quarta-feira, 22 de junho de 2011

Dealing with deadlines: Interview with Ellen Datlow

She is one of the most successful editors of short SF&F stories anthologies, with more than 40 titles born thanks to her talented hands. Now this winner of the Hugo Award for Best Professional Editor in 2002 and 2005 talks to the Intemblog about her working methods, her career and how she actually deal with those famous superstars writers, such as Stephen King and Harlan Ellison. With you, Miss Ellen Datlow.


Octavio Aragão: You are one of the most successful editors in the SF&F literary field. How was your debut and why you chose this area?

Ellen Datlow: My first job in the field of sf/f was as associate fiction editor at OMNI Magazine. Before that I deliberately chose to work in mainstream (non-genre) book publishing because although I loved reading fantasy, science fiction, and horror I didn't want to be forced to edit only one type of fiction.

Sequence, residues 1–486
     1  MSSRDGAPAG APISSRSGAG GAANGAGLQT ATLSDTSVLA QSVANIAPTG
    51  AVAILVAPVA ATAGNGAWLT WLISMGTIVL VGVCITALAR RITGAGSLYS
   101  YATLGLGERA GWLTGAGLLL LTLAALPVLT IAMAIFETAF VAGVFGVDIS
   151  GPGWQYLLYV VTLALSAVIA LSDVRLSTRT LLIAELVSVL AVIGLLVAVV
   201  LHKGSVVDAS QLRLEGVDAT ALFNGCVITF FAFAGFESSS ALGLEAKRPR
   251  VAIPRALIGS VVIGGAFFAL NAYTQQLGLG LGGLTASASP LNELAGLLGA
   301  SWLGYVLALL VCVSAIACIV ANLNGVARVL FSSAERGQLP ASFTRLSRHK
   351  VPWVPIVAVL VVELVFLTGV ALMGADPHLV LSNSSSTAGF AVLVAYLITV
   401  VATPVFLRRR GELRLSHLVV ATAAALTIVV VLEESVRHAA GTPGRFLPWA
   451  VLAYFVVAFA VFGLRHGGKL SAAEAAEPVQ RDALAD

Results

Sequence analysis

OA: Among the more than 40 anthologies you edited which is your favorite and why? And which one was the more difficult to accomplish?

ED: It's really impossible to choose one favorite anthology. I've enjoyed editing all of them for different reasons.
My early ones: Blood is Not Enough and Alien Sex were filled with both reprints and new stories. By using those reprints, I was able to develop the core of the theme I was working with and could use stories that I'd read in the past and loved, and wanted to introduce to new readers. Blood is Not Enough and A Whisper of Blood (also my forthcoming Blood and Other Cravings) allowed me to broaden and even challenge the concept of the vampire with regard to what vampirism can encompass--not just blood sucking,  and proved how versatile the idea and image of the vampire can be despite the usual, dull reworkings of the trope.